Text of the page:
Ants perfected farming 30 million years ago in the desert
And you can’t even keep your succulent alive
Ants are good at lots of stuff. Carrying food, cutting leaves, biting people, and perhaps least well known: farming fungus. They’re so good at farming, in fact, that they had unintentionally domesticated their fungus varietals long before humans got wind of farming. Or existed, for that matter.
This is not actually news to anyone who pays attention to the ant world. But if you’re not up on your entomological periodicals, listen up. Did you know that leafcutter ants don’t eat the leaves they chop up? They’re harvesting plant material for their fungi gardens to grow on, so that they can then eat the fungi. These industrious little guys live mostly in tropical forests, where fungus thrives on the heat and moisture, but that’s not where the domestication happened. And that’s news.
In July 2016, entomologist Ted Schultz at the National Museum of Natural History—along with a team of other ant people—figured out that ants have been farming for up to 65 million years. At some point in that process, certain types of the fungi they farmed became dependent on ant colonies, and vice versa. The question was when and how. And in a paper published on Tuesday in the journal Proceedings of Royal Society B, Schultz and team figured out just that.
Attine ants—those fungus farmers—vary in how dependent their funky crops are on the colonies that cultivate them. Some fungi can escape back into the wild and grow on their own. Those types are called “lower” fungi, whereas those varietals that have to grow inside ant colonies are termed “higher.” This seems unfair and backwards. Surely the fungus that can venture out on its own is the higher form of fungus. It makes more sense when you look at it from the ants’ perspective. Some types of attine ants cultivate species of fungi that don’t produce spores, which means they can’t spread their own seed. Leafcutters feed their fungi with fresh leaves, while the other attines use dead biomass, but either way the effect is the same: a plush garden growing right in your colony.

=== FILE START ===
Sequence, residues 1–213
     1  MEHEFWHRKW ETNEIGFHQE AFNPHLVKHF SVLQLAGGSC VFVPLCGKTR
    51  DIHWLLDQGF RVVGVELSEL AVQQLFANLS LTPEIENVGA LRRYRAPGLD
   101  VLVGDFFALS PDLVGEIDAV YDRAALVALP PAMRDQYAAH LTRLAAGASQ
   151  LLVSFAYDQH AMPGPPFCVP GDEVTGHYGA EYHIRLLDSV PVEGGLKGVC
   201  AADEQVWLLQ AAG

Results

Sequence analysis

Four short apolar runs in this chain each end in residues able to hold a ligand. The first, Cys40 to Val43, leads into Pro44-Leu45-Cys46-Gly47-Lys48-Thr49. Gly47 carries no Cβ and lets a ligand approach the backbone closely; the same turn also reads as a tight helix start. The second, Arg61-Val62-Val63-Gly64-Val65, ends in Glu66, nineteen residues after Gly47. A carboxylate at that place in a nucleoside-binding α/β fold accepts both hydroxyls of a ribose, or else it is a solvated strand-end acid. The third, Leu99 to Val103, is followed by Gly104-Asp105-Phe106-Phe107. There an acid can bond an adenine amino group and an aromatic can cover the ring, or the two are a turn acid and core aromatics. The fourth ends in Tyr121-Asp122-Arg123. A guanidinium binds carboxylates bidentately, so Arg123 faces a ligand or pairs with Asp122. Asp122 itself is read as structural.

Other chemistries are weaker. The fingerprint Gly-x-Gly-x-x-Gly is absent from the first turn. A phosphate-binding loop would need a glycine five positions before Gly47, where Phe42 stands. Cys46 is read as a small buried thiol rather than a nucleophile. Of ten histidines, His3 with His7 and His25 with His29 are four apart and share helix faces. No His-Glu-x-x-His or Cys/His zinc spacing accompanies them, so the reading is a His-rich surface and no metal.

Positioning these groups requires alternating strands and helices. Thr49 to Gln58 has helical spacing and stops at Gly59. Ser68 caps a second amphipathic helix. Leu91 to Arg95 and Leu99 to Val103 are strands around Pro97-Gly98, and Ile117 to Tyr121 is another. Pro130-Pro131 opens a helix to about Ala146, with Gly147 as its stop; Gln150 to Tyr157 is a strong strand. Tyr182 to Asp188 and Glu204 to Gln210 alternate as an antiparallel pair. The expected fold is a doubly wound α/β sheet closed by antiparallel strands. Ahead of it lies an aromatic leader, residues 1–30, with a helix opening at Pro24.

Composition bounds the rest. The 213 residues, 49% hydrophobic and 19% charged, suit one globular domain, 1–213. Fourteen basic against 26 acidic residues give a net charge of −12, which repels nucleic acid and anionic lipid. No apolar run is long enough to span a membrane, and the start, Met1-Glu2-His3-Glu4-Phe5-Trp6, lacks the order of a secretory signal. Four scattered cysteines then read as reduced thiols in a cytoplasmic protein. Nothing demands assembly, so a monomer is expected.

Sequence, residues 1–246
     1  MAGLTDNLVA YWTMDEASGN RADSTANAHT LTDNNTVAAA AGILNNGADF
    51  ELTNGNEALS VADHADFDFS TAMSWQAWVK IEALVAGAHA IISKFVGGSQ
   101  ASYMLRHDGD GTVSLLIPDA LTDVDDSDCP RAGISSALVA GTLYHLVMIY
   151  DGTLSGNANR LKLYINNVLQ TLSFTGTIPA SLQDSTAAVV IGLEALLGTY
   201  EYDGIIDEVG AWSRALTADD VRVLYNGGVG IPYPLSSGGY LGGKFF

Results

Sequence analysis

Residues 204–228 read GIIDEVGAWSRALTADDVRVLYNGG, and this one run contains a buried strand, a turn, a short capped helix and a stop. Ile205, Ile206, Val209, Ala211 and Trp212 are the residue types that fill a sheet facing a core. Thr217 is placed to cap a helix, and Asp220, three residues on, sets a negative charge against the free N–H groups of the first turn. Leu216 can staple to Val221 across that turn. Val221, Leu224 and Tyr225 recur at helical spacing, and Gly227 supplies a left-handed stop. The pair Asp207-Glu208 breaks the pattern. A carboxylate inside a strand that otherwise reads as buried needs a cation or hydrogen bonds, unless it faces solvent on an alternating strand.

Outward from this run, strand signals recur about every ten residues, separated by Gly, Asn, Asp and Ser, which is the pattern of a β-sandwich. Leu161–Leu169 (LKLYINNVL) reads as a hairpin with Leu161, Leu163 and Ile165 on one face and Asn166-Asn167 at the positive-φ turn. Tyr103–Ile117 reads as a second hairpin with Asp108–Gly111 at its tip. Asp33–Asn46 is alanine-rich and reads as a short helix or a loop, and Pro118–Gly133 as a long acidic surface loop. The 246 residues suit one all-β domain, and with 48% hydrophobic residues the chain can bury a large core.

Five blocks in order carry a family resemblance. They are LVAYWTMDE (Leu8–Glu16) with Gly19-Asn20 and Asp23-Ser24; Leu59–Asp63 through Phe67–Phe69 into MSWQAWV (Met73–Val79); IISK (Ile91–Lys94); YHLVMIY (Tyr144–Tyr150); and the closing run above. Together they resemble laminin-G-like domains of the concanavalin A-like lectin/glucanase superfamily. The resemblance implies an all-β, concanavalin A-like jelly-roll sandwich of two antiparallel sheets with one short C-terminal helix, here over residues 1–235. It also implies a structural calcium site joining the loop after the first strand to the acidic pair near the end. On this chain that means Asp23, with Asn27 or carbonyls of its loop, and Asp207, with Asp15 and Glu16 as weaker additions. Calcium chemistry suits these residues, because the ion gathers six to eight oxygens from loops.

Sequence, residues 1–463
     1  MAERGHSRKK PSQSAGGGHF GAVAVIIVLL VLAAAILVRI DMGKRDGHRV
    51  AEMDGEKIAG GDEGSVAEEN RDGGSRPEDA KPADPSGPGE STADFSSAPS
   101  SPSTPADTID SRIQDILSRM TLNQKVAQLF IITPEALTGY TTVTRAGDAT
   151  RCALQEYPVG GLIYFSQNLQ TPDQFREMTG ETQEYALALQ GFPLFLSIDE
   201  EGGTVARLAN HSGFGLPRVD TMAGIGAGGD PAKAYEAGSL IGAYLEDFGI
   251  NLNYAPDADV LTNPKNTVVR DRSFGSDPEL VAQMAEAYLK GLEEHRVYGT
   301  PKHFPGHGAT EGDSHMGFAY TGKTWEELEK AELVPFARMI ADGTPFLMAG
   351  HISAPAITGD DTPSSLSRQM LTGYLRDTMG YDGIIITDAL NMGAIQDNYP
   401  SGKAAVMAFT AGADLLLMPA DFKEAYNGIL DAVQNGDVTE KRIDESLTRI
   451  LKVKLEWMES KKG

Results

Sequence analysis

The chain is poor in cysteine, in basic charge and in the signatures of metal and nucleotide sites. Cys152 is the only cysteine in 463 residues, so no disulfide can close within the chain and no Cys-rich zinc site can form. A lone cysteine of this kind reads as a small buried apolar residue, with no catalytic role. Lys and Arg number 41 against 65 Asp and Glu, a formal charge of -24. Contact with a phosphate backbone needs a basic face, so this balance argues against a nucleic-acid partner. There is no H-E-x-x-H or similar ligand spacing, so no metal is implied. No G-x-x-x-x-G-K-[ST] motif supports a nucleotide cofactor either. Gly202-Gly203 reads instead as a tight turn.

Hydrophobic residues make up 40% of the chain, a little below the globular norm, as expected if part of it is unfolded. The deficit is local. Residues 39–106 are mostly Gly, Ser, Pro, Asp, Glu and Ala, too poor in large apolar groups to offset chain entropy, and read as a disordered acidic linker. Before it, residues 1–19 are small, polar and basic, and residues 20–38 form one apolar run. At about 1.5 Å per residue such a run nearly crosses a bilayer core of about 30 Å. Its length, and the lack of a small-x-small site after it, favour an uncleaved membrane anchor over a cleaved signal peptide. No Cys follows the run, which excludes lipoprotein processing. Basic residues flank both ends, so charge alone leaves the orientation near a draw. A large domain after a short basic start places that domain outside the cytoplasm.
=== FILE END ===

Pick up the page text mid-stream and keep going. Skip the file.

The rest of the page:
But in a wet, warm environment like the tropics, it would be difficult for the fungus to become so dependent on ants. It would be too easy for spores to spread outside the nest and for populations of fungi to interbreed in and out of ant colonies. Schultz and company figured out what actually happened by looking at the evolution of ant agriculture and their fungal cultivars. Attine ants started farming in the rainforest, but domestication happened in drier climates like deserts or savannahs.
In these climes, the fungi grew best inside the comparatively moist underground colonies that their ant overlords created. Over time, this turned into an inability to grow outside of the nest, because they were genetically incapable of doing so. And similarly, the ants lost the ability to make a key amino acid, asparagine, which the fungus provides them. And voila: mutual dependence. By the time some of these attine farmers moved back into the rainforest, their symbiotic relationships were cemented.
All this happened about 30 million years ago, during a time of general cooling when dry climates were more common (and some 35 million years after ants started farming in the first place). It’s also millions of years before humans figured out the whole agriculture thing, though to be fair we were a little behind on the evolutionary timeline at that point. We, unlike ants, could understand that as crops underwent changes we could actually select for traits that helped us cultivate the plant. Domesticated wheat lost its bursting seed pods such that it’s close to impossible for it to reproduce on its own anymore, in much the same way that the ants’ fungi lost their spores. It’s just that ants did it unintentionally. So chalk up another one for the ants—if they ever decide to rise up and revolt, we’re screwed.